Jodi Arias is back in the spotlight once again with the news that she will represent herself in the penalty phase of her murder trial, despite the fact she has no legal experience, no college diploma and is only equipped with a GED she completed while in prison.
Judge Sherry Stephens granted Arias’ motion to act as her own attorney, but strongly suggested the convicted murderer reconsider her decision.
“I do not believe it is in your best interests. I strongly urge you to reconsider,” said Stephens.
Arias was found guilty of first-degree murder following the brutal stabbing of her boyfriend, Travis Alexander, in 2008. Arias admitted killing Alexander, but claimed it was self-defense. However, Alexander was stabbed nearly 30 times, had his throat slit and was shot in the forehead. Prosecutors said the murder was a premeditated act of jealousy in response to Alexander’s decision to end their affair.
At the time of her conviction, jurors could not reach a decision on sentencing. A new jury was selected to hear a second penalty phase per Arizona law, and prosecutors hope to secure the death penalty this time around.
While it may seem a preposterous idea for a convicted murderer to represent themselves, there are some attorneys who think it might not be a bad idea.
“It’s actually probably a good idea to represent herself,” said Daniel Horowitz, a San Francisco-based defense attorney . “She looks like a vicious psychopath with a ridiculous defense.”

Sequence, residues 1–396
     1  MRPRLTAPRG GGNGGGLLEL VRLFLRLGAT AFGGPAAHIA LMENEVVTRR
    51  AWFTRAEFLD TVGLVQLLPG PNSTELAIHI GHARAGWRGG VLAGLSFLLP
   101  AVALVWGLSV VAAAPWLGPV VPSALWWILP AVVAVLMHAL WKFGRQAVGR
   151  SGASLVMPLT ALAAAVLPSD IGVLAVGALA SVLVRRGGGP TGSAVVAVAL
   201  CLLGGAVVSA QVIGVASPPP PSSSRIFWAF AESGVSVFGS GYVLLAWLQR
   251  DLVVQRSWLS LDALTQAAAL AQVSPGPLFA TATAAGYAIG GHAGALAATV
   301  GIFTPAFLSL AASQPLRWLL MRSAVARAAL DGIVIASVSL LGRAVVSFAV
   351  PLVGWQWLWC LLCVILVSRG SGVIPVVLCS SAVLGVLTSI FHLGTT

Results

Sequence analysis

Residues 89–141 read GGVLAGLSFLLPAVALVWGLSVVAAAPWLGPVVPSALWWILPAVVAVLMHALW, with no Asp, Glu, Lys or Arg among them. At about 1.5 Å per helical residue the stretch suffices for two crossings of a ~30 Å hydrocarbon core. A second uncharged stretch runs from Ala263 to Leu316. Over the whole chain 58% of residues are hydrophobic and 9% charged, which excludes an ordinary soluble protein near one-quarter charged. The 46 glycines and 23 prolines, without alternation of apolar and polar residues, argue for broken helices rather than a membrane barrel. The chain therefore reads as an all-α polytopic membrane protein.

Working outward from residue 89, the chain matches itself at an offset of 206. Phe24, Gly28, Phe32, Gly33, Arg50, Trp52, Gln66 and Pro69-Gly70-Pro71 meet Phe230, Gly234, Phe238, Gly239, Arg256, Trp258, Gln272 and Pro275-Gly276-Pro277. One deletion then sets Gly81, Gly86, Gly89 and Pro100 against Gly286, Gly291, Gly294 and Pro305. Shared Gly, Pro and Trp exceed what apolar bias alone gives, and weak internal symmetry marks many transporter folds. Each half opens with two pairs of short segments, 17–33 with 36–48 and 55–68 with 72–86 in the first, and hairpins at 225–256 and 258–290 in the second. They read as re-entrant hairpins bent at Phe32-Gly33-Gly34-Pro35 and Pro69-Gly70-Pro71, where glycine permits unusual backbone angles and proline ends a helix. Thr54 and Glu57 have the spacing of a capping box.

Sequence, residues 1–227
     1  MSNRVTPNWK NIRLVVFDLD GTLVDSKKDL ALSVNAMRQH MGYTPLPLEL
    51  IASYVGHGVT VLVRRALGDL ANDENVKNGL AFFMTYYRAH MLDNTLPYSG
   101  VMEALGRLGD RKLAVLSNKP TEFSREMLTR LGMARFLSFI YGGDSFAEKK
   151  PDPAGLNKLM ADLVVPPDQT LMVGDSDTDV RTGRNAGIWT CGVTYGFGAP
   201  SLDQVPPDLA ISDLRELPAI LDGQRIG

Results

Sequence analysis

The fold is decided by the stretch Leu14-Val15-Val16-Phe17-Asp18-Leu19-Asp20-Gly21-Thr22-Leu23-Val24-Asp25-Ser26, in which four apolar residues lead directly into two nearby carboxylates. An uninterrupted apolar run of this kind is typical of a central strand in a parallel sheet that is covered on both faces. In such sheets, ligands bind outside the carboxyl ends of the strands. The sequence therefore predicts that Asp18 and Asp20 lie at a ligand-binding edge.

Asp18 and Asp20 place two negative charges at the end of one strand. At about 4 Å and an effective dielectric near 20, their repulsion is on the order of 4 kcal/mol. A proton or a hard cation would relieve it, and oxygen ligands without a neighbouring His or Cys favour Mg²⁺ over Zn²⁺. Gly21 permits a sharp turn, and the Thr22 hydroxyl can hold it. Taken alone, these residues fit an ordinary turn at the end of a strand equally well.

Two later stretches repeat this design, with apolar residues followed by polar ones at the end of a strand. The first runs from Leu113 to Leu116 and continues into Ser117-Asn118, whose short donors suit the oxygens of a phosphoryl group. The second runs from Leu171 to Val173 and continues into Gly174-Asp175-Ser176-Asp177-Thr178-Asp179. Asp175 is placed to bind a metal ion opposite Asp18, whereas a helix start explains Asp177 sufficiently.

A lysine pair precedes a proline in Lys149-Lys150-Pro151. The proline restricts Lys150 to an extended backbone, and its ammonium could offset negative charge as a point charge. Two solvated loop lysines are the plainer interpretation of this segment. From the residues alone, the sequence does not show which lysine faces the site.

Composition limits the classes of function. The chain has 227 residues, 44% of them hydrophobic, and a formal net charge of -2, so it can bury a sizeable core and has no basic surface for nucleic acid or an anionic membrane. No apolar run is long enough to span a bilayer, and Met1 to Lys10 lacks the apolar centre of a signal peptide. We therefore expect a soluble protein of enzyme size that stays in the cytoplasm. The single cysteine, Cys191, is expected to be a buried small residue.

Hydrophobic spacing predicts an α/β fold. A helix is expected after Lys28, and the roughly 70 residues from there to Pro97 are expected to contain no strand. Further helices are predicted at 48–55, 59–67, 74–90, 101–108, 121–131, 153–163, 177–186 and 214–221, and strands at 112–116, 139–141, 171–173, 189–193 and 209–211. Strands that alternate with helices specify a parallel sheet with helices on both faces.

On the other hand, Horowitz said the jury “may find her pathetic.”
“If she can get just one juror to bond with her on some level, even if they hate her, they’re getting to know her, and it’s harder to kill someone you know,” he said.
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Her defense lawyers, who will continue to serve as advisory council, declined to comment on the decision.
Arias and her attorneys have tried repeatedly to sever their relationship — especially after a series of interviews following her conviction in May 2013 — to no avail.
Mel McDonald, a Phoenix defense lawyer and a former Maricopa County judge and federal prosecutor, believes Arias has nothing to lose in the decision to represent herself in the penalty phase, which will commence in four weeks.
“I think generally that anybody that represents themselves has a fool for a client, but it also gives her a way, if she’s out there making a fool of herself, to maybe invoke some sympathy from a juror,” McDonald said.
The death penalty will no longer be considered if the new jury cannot unanimously decide on the death penalty. In that case, the judge would sentence Arias to life-imprisonment with the option of possible release in 25 years.
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